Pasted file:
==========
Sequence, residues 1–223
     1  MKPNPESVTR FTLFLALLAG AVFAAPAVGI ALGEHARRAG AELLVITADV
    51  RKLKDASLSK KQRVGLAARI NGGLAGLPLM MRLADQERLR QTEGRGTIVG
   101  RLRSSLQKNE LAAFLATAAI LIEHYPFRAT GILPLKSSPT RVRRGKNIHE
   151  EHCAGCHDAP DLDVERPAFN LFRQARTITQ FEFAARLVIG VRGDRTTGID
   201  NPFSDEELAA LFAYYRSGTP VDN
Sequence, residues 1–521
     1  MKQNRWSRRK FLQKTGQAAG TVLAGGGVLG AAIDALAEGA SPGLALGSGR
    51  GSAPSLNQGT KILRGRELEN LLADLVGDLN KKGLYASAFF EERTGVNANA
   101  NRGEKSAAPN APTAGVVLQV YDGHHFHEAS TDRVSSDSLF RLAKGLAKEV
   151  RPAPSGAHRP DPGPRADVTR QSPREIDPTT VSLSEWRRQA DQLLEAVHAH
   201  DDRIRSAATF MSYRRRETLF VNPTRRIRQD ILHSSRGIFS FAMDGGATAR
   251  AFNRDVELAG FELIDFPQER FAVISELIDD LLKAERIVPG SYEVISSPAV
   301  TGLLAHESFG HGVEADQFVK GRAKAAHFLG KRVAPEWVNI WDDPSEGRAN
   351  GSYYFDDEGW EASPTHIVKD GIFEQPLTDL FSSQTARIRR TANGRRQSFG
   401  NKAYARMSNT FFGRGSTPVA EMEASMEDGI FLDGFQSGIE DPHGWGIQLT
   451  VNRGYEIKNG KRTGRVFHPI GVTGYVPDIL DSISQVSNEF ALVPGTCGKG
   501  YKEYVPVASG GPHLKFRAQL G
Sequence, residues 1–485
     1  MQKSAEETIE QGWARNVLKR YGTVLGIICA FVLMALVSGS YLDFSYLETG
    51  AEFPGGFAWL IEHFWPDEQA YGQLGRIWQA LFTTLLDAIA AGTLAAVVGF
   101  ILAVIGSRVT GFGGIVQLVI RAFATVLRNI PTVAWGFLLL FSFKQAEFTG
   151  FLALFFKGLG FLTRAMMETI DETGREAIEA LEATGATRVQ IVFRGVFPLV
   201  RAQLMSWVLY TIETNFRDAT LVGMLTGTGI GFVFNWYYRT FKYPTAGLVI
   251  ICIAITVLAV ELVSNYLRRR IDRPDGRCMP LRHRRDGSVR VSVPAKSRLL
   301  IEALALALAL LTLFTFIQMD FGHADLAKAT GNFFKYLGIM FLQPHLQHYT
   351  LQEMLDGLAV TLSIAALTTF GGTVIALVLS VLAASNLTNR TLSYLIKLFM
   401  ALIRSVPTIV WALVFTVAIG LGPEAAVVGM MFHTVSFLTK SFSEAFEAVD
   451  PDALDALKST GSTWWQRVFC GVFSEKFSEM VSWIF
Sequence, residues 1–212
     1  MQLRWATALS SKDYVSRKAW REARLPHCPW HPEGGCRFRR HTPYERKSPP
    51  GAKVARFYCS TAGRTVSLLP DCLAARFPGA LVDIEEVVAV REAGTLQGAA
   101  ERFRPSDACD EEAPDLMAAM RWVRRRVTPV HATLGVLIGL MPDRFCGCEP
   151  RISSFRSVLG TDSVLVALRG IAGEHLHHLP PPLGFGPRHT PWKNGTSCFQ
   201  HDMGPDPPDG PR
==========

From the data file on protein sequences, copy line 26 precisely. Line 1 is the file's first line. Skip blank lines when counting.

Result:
   301  IEALALALAL LTLFTFIQMD FGHADLAKAT GNFFKYLGIM FLQPHLQHYT